Select Committee on International Development Minutes of Evidence


Memorandum submitted by CARE International UK


The Role of International Forces

  1.  After the establishment of the interim government, the United Nations Security Council authorised the dispatch of an International Security Assistance Force (ISAF) to Afghanistan. Under the terms of the Military Technical Agreement signed between the Interim Authority and the ISAF, the mandate of the international force is confined to Kabul and its environs.

  2.  Conditions in many parts of Afghanistan continue to give cause for grave concern. Although there has been success in transporting large amounts of food into the country, populations in many rural areas remain in acute need of food assistance. Many roads are blocked by snow. Continuing insecurity continues to hamper the efforts of aid agencies to reach areas of greatest humanitarian need.

  3.  In light of this situation, leaders of the Interim Authority have recently expressed interest in an expansion of the ISAF's geographic scope. CARE urges the international community to respond positively by renegotiating with the Interim Authority to expand the ISAF's mandate to areas outside of Kabul, including other major urban centres, as well as key routes needed to get aid to areas of acute need.

  4.  The Interim Authority faces an enormous challenge in improving security throughout Afghanistan. The single greatest contribution that the ISAF can make to Afghan reconstruction is to help the Interim Authority establish, train and monitor a professional national security force. CARE believes that the ISAF should focus its efforts on assisting Afghan authorities in creating and maintaining a secure environment in which humanitarian aid can be delivered, the transition to an elected, constitutional government can be sustained, and the reconstruction of the country can be started.

  5.  The military may bring useful expertise in other clearly defined areas, such as weapons collection, disposal of unexploded ordnance, or restoring airports and other important transport infrastructure to service. The military should focus on those activities in which they have a comparative advantage, leaving the actual delivery of humanitarian assistance, as well as most reconstruction activities, to local and international organisations that have long experience and established networks in Afghanistan.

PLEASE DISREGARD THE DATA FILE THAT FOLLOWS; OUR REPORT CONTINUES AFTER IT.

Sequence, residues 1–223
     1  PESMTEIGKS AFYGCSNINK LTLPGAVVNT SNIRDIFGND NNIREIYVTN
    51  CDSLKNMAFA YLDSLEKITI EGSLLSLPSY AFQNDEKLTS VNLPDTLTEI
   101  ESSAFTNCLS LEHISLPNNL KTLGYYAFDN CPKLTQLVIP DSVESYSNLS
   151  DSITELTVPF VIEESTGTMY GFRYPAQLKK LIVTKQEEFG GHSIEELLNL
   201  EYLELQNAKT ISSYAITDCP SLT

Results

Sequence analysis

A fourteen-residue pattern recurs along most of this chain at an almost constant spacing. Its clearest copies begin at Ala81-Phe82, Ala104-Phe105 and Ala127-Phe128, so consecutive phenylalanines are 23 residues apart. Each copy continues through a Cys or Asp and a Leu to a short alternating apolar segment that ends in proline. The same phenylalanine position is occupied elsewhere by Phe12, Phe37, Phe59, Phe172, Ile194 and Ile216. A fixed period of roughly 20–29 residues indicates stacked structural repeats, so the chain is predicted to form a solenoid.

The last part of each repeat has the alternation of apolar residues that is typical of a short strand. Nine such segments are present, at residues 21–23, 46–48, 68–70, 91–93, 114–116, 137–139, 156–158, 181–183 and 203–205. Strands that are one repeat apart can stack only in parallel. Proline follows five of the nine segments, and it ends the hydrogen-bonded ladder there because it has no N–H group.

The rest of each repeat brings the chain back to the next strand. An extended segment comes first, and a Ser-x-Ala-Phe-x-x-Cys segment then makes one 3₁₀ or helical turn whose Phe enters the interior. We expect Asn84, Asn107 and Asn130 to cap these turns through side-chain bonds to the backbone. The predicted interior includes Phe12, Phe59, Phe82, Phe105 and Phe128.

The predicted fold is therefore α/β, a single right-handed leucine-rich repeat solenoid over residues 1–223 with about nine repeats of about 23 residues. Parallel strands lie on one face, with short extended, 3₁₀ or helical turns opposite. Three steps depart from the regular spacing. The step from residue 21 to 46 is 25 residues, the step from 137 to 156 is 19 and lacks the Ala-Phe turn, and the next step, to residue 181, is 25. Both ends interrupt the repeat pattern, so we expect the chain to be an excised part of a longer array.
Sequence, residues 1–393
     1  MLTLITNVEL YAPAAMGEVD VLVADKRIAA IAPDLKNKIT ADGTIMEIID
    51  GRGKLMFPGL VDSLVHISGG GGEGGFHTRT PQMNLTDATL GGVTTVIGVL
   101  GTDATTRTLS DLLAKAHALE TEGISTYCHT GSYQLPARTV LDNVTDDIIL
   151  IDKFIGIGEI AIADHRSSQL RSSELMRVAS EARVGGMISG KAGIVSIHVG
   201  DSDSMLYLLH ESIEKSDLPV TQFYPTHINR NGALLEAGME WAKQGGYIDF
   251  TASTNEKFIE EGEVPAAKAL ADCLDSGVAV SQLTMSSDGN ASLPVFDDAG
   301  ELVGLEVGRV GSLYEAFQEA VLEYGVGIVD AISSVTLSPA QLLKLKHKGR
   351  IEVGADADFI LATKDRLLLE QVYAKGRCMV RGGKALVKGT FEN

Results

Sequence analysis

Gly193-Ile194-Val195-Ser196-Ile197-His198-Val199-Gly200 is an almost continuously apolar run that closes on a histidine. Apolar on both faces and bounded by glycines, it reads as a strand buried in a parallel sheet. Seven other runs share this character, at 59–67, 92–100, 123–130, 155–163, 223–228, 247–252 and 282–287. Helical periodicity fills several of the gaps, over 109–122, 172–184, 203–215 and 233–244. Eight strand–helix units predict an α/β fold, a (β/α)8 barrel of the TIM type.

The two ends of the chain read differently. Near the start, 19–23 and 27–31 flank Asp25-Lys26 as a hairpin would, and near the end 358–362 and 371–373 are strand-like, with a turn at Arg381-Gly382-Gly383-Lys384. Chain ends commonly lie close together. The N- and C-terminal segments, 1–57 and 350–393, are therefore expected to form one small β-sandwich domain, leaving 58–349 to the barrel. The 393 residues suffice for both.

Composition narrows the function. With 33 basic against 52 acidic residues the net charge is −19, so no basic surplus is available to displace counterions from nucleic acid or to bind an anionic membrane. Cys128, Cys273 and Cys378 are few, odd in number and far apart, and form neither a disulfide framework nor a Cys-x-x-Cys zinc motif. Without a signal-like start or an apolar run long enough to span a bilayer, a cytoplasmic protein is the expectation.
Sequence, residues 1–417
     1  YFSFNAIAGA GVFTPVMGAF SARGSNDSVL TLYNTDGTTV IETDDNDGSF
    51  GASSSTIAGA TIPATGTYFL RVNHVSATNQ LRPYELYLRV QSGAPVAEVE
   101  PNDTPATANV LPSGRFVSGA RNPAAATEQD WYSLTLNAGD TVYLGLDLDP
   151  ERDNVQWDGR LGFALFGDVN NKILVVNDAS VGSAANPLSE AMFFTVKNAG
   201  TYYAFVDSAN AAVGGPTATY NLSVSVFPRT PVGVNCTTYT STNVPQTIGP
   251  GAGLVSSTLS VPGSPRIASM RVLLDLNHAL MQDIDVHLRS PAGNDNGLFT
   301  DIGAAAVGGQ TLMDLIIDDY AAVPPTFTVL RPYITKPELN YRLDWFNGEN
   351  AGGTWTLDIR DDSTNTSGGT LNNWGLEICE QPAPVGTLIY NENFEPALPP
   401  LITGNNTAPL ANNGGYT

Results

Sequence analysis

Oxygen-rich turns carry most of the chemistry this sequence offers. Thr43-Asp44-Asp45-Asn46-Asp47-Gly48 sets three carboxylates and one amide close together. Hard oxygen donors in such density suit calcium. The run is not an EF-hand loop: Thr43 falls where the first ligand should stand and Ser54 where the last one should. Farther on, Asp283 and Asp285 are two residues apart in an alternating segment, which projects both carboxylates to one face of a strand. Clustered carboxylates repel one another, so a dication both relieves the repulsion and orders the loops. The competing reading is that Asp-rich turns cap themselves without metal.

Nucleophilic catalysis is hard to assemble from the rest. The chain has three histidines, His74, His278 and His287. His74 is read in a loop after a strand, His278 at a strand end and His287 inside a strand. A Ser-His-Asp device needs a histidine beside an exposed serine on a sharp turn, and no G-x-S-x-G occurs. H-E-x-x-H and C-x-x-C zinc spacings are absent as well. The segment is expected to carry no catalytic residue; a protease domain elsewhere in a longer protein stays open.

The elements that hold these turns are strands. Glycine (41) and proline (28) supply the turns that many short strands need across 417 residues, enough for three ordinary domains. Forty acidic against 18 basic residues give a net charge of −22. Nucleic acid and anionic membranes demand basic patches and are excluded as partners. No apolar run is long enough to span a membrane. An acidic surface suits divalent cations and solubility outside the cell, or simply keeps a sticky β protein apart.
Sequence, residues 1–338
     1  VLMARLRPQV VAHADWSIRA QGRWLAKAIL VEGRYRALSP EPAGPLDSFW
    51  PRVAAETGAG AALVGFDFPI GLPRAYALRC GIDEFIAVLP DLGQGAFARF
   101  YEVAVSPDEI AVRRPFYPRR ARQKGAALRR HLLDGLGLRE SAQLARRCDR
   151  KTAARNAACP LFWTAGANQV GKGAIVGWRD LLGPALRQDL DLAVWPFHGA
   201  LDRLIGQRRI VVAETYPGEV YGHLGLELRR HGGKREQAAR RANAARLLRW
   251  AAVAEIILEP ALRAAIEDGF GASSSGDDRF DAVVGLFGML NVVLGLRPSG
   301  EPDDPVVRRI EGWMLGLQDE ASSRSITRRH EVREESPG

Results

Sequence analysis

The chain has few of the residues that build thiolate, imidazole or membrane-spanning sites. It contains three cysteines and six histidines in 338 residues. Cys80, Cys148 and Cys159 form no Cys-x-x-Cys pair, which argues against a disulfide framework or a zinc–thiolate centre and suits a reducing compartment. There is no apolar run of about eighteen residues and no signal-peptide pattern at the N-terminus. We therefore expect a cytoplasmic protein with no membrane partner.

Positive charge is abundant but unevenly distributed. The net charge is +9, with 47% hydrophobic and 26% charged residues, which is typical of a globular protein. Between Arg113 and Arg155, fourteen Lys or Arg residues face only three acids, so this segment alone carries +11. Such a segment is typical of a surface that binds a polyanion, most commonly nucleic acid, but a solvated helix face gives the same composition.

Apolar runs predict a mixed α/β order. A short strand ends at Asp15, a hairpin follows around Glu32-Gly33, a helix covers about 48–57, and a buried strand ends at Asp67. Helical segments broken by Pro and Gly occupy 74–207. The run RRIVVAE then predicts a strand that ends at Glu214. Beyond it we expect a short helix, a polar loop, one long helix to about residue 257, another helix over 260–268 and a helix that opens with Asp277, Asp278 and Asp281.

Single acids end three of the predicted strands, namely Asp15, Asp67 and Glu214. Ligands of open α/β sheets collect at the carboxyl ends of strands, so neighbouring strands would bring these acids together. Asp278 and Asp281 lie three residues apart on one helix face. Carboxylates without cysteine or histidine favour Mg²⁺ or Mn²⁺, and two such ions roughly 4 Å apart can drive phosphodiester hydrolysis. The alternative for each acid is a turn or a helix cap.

6.  In view of the fact that there is no shortage of appropriate functions for ISAF in Afghanistan in the foreseeable future, CARE notes with alarm the increasing tendency for military personnel to be involved in direct implementation of humanitarian aid projects. Both the British and US Governments, through DFID and OFDA respectively, have released funding to ISAF to carry out humanitarian activities. In some cases, field staff have reported seeing armed military personnel in civilian clothing working on such projects in an attempt to "integrate" with the community.

  7.  In Afghanistan the distinction between militias and civilians, armed and unarmed, is already blurred. It is a major obstacle to the establishment of peace, prosperity and democratic government. The international community should do nothing that further blurs that distinction, and should show by example that the forces of law and order have their proper role, as do the civilian institutions of society. Military personnel should therefore remain in uniform at all times.

  8.  CARE believes that it is important to maintain a clear distinction between military and humanitarian affairs. Overall strategy for and management of relief and reconstruction efforts in Afghanistan should remain firmly under civilian control. CARE supports the expansion of the current role and mandate of ISAF, but it is neither necessary nor desirable that this should extend to the implementation of humanitarian relief or rehabilitation projects.

CARE International UK

22 February 2002

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